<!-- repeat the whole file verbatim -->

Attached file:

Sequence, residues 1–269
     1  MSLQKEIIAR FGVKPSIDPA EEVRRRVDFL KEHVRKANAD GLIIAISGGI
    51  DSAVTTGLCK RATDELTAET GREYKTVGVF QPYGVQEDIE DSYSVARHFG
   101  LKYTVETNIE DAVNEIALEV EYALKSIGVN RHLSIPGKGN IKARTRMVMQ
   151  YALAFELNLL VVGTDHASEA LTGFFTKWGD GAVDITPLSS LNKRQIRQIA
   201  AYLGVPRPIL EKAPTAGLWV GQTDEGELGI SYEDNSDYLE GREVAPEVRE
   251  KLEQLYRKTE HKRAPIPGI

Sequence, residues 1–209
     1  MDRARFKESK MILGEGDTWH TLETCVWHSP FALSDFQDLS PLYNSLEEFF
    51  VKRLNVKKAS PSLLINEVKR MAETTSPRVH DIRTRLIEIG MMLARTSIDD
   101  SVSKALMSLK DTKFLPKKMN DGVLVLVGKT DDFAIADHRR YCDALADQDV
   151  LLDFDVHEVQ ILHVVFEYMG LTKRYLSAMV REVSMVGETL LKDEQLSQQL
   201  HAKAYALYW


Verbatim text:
Sequence, residues 1–269
     1  MSLQKEIIAR FGVKPSIDPA EEVRRRVDFL KEHVRKANAD GLIIAISGGI
    51  DSAVTTGLCK RATDELTAET GREYKTVGVF QPYGVQEDIE DSYSVARHFG
   101  LKYTVETNIE DAVNEIALEV EYALKSIGVN RHLSIPGKGN IKARTRMVMQ
   151  YALAFELNLL VVGTDHASEA LTGFFTKWGD GAVDITPLSS LNKRQIRQIA
   201  AYLGVPRPIL EKAPTAGLWV GQTDEGELGI SYEDNSDYLE GREVAPEVRE
   251  KLEQLYRKTE HKRAPIPGI

Sequence, residues 1–209
     1  MDRARFKESK MILGEGDTWH TLETCVWHSP FALSDFQDLS PLYNSLEEFF
    51  VKRLNVKKAS PSLLINEVKR MAETTSPRVH DIRTRLIEIG MMLARTSIDD
   101  SVSKALMSLK DTKFLPKKMN DGVLVLVGKT DDFAIADHRR YCDALADQDV
   151  LLDFDVHEVQ ILHVVFEYMG LTKRYLSAMV REVSMVGETL LKDEQLSQQL
   201  HAKAYALYW